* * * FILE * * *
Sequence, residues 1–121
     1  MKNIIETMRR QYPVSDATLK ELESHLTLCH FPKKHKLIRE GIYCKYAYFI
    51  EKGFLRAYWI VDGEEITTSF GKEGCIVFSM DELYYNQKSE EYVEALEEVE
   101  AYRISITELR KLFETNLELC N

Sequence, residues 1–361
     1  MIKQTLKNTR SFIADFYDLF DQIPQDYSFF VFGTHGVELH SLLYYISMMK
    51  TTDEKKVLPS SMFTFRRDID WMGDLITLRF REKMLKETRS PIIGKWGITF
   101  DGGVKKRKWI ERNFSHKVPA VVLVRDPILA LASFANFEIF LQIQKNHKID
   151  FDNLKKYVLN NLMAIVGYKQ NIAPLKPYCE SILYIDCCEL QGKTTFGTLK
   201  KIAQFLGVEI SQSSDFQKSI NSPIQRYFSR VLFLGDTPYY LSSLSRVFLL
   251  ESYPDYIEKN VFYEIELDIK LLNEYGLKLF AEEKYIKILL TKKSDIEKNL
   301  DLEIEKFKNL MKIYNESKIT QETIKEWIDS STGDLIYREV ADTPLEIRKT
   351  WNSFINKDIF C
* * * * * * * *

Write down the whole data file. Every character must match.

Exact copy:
Sequence, residues 1–121
     1  MKNIIETMRR QYPVSDATLK ELESHLTLCH FPKKHKLIRE GIYCKYAYFI
    51  EKGFLRAYWI VDGEEITTSF GKEGCIVFSM DELYYNQKSE EYVEALEEVE
   101  AYRISITELR KLFETNLELC N

Sequence, residues 1–361
     1  MIKQTLKNTR SFIADFYDLF DQIPQDYSFF VFGTHGVELH SLLYYISMMK
    51  TTDEKKVLPS SMFTFRRDID WMGDLITLRF REKMLKETRS PIIGKWGITF
   101  DGGVKKRKWI ERNFSHKVPA VVLVRDPILA LASFANFEIF LQIQKNHKID
   151  FDNLKKYVLN NLMAIVGYKQ NIAPLKPYCE SILYIDCCEL QGKTTFGTLK
   201  KIAQFLGVEI SQSSDFQKSI NSPIQRYFSR VLFLGDTPYY LSSLSRVFLL
   251  ESYPDYIEKN VFYEIELDIK LLNEYGLKLF AEEKYIKILL TKKSDIEKNL
   301  DLEIEKFKNL MKIYNESKIT QETIKEWIDS STGDLIYREV ADTPLEIRKT
   351  WNSFINKDIF C